verdun59
February 22, 2009, 10:23 AM
Do yourself and your family a favor and look at the CZ75b.

jaholder1971
February 22, 2009, 10:36 AM
As for .357, there are a few spread out amongst family members but again the limited capacity removes them from consideration in my mind for a SHTF gun.


Six well placed hits trump 19 rounds fired in the Bad guy's general direction, in hopes that it is Allah's will that one makes a hit.

The Lone Haranguer
February 22, 2009, 03:06 PM
Only two of the guns on your list (M&P and XD) have the ability to quickly change grip sizes. Of those, having owned or tried both, I personally prefer the M&P. I know of no way to make the SIG's or Beretta M9's grips smaller. A Beretta that does have this capability is the PX4.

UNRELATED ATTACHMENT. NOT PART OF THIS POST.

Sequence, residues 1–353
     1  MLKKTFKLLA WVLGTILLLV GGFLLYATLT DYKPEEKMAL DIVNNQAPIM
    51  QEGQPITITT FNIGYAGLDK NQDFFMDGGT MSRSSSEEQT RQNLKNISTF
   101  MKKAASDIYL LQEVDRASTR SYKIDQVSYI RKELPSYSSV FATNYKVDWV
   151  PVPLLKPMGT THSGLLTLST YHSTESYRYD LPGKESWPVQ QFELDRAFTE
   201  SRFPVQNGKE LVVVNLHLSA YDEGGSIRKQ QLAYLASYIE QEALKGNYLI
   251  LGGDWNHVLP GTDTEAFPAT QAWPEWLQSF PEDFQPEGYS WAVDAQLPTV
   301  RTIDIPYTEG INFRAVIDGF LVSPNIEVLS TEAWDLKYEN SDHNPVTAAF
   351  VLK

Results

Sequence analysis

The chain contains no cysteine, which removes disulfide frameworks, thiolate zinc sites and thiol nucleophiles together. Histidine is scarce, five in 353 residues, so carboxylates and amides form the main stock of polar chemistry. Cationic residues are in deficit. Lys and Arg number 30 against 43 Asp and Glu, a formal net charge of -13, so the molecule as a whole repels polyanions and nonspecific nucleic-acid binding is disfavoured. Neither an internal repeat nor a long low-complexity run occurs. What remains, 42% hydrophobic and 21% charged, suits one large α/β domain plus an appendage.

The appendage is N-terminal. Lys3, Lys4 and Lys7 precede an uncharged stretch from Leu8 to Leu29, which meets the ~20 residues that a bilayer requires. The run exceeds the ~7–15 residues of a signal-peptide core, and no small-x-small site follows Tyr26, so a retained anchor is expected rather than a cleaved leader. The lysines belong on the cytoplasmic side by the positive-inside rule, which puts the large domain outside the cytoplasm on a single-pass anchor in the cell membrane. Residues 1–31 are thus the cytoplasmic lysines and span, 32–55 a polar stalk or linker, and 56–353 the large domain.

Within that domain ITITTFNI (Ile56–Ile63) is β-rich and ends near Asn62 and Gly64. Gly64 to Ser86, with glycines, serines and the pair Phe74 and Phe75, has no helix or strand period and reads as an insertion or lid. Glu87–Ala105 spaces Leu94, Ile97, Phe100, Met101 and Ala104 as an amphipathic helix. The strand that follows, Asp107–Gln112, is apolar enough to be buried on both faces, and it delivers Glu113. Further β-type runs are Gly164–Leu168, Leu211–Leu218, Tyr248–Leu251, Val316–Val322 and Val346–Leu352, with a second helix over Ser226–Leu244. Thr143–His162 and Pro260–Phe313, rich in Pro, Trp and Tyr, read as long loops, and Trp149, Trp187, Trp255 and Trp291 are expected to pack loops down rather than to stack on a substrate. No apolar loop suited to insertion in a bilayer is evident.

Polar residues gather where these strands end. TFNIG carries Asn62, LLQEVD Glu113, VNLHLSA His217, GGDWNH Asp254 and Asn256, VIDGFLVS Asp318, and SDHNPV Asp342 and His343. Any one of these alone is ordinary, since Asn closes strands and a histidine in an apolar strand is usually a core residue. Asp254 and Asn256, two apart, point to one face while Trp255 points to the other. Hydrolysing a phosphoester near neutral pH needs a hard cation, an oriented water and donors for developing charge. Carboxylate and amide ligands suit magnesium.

Shrinkmd
February 22, 2009, 04:13 PM
S&W 5906. All steel is the only way to fly. Just get a strong belt!

SwampWolf
February 22, 2009, 08:52 PM
Good post and a hearty welcome to The High Road. I like Shrinkmd's suggestion (any "third generation" Smith is never a bad idea) but I've got to agree with those who recommended the Beretta 92-selecting the military's current service sidearm is also never a bad idea.

Quadkid
February 22, 2009, 11:21 PM
bring her to a rental range and have her test out a bunch of guns. When i was looking for my first pistol last month a lot of people told me to get a certain gun. A lot of the recommended guns, however, i wasnt consistant with or felt comfortable with.

When it comes down to confidence and consistancy versus caliper and capacity, id take the first any day when it comes to protecting family and friends.

batmann
February 23, 2009, 11:55 AM